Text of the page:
Benjamin Bradbury American

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Brooklyn banjo maker Benjamin Bradbury was awarded a patent for this 10-string banjo in 1882. In his patent application, Bradbury claimed that the major improvement to be a shortened neck and scale length, which provides "a softness resembling and approximating that of a violin," and "enables the instrument to be played by the relatively small hands of women and children."

The banjo has several uncharacteristic features for the period. The metal rim, over which the skin head is stretched, is of unusually small diameter and is mounted within a wood resonator with a marquetry-decorated outer rim and curved back. The slotted peghead, with geared machine tuners on either side, is more commonly found on guitars than banjos. The ten strings are organized in five courses of two strings each. The most unusual feature is that one of the pair of fifth drone or thumb strings enters a "tunnel" under the fingerboard at the fifth fret position. The string emerges at on the peghead side of the nut at the end of the fingerboard where it can be adjusted by a machine tuner, thereby eliminating the need for a tuning peg positioned at the fifth fret for tightening a short drone string.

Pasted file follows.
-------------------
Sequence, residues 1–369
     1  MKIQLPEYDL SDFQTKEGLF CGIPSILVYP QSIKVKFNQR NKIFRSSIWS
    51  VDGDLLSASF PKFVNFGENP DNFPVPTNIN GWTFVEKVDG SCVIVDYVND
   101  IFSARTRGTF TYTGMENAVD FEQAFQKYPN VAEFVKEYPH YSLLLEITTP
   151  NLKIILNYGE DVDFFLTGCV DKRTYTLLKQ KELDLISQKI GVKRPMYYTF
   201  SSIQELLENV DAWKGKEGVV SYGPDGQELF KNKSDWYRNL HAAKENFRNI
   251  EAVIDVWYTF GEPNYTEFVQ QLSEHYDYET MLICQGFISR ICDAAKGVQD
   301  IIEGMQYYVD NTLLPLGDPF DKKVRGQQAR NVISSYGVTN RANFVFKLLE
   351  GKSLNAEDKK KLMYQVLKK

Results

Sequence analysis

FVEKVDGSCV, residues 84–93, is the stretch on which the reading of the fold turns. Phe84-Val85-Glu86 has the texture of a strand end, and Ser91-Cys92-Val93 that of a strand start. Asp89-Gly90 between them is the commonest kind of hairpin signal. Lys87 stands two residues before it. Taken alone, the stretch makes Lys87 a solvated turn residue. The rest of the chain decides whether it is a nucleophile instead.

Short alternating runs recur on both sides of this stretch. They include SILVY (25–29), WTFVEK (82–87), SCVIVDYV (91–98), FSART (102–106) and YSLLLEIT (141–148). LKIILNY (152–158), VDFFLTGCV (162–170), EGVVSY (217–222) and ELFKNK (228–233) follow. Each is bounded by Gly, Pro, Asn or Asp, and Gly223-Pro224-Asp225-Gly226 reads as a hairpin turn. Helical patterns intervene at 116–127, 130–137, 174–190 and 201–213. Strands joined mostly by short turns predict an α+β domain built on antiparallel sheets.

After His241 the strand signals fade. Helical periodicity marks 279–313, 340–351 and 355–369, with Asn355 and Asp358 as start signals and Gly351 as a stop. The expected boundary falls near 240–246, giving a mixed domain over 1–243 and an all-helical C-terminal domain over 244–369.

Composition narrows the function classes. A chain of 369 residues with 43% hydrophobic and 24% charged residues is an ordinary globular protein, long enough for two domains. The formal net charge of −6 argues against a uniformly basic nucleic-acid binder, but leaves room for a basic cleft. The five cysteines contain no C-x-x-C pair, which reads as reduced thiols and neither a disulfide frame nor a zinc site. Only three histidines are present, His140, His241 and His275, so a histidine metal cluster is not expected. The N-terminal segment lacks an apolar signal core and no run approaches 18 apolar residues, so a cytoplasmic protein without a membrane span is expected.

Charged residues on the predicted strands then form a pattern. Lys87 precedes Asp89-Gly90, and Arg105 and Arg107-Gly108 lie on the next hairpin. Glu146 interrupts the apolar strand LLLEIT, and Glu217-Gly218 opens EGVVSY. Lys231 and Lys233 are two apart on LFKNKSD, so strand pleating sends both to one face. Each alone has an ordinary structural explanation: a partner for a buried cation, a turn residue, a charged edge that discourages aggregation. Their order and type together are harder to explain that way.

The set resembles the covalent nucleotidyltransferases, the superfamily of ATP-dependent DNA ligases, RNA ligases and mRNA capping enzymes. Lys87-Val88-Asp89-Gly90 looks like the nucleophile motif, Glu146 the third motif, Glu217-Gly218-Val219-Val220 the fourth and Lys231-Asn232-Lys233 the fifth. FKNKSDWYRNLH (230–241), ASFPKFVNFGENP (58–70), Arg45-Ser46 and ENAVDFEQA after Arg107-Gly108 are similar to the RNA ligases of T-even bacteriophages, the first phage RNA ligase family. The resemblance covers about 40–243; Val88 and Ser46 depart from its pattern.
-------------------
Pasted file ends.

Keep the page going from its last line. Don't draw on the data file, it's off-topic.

Bradbury produced a five-string version of this design also with a full-length fifth drone string that enters a tunnel at the fifth fret position and travels under the fingerboard and attaches to one of the machine tuners. In 1888, Brooklyn banjoist and composer Alfred D. Cammeyer arrived in London and performed with either an actual five-string Bradbury banjo or a copy. He became a very successful concert performer in England and popularlzed the Bradbury banjo design, which became known as a zither-banjo. (Peter Szego, 2023)

Technical description: 10 strings including tunnel drone, metal inner rim with screwed-on hoop (19.6 cm OD) enclosed within separate wood resonator with closed convex back and double-wall outer rim, the exterior wall and back ornamented with colored floral and foliate wood inlay, the outer wall pierced by 4 holes with raised wood bushings, mahogany neck with 24 raised inlaid frets on rosewood fingerboard, mother-of-pearl position marks, geared tuners with ivory or celluloid knobs; model patented August 15, 1882, no. 262564.

Banjo, Benjamin Bradbury, Wood, strings, metal, various materials, American

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